How to talk about our faith with friends from other faiths

In thinking about talking about our faith it is helpful if we broaden the discussion and think about what God has actually called us to be and do. He sends us out to be His representatives. Jesus is our example of what it means to be God’s representative. He came as a whole individual and lived among us (Jn. 1:14). Therefore, we are called to do more than just explain our faith to our colleagues, neighbors, and friends- we are also called to live out our faith as we do life together with them.


In this light, in Matthew 28 Jesus frames our commission in the form of teaching- teaching others to observe all that He has commanded us (28:19-20). Though the teaching metaphor has an inherent limitation, signifying an imbalance of power in the relationship, I do not think Jesus used the metaphor to promote a power imbalance in our relationships. I think Jesus used it in the light of its positive implications.

The positive implications come out as we look at the different forms teaching can take. One form can be explanation. Another form can be example. One form can be asking the right questions. Another form can be directing people to the right source of information. Teaching can be inductive, deductive, or through appreciative inquiry. What is assumed across all the different types and forms of teaching is that an ongoing meaningful relationship exists between teachers and inquirers.


Therefore, the first step we should take as we seek to represent Jesus is to develop safe relationships with others. In the context of relational safety, open, honest, meaningful discussions can take place.


The second step is to teach by example not only by explanation. Due to God’s Spirit being in us we actually want to live by God’s law of love (Ezek. 36:26-27); and the Spirit enables us to lead lives that reflect God’s character (2 Pe. 1:3-4). As a result, our transformed lives speak volumes to our friends. Our lives demonstrate the redemption that is in Christ Jesus. Our awareness of our shortcomings should never diminish our confidence in this: since Jesus is always with and within us, the impact of our lives is greater than the sum of our actions. This is because He uses our imperfect, yet Spirit-empowered lives to speak to the hearts and minds of our friends.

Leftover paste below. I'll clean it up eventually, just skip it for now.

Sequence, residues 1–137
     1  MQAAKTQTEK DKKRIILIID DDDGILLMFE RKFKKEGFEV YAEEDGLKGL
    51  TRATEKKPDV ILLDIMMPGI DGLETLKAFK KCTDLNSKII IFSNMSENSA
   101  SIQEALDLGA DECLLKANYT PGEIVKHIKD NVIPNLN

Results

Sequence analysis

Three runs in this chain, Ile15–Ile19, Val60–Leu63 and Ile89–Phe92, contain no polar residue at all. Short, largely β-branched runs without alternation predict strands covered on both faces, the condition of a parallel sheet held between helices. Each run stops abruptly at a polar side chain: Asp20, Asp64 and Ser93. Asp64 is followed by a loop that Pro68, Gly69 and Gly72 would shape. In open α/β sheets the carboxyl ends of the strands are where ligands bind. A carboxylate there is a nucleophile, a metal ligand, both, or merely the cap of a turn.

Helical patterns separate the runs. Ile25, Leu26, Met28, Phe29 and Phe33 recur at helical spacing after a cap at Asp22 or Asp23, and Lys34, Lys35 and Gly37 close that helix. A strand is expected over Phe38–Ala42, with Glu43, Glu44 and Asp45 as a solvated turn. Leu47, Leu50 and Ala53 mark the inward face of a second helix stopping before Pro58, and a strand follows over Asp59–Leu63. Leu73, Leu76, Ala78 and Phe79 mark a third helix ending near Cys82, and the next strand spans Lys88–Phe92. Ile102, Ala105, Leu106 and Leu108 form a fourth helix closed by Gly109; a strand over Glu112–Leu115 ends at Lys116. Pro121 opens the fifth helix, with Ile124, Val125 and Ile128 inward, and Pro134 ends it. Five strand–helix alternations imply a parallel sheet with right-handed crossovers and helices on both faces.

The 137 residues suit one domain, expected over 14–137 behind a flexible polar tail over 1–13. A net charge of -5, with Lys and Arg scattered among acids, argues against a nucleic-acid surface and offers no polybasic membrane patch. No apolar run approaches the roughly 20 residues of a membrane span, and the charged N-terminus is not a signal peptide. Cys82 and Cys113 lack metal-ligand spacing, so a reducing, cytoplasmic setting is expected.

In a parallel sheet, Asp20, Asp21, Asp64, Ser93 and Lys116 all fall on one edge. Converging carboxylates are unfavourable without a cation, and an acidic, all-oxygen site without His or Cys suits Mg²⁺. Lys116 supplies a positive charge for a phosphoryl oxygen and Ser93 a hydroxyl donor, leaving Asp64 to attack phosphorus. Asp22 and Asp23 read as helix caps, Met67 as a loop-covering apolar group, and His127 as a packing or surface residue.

When we bake a cake, we can use a prepackaged mix, or we can make one from scratch. Our choice may depend upon our knowhow and skills. This analogy helps us think how we can talk about our faith. Some people prefer using prepackaged ways of explaining our faith. Others prefer to let the Spirit use the circumstances of our lives to shape our discussions with our friends. Which approach we take depends upon our confidence level and on our ability to integrate our faith into our lives. If we are used to thinking about how the Scriptures shape our values and outlook, then we will feel at ease talking sensitively about why we do what we do from a biblical perspective. Yet, either approach is fine.


So let’s get a bit specific. How would we approach talking about matters of faith with people from other faiths? To answer this question, let me focus on our friends who are Muslims.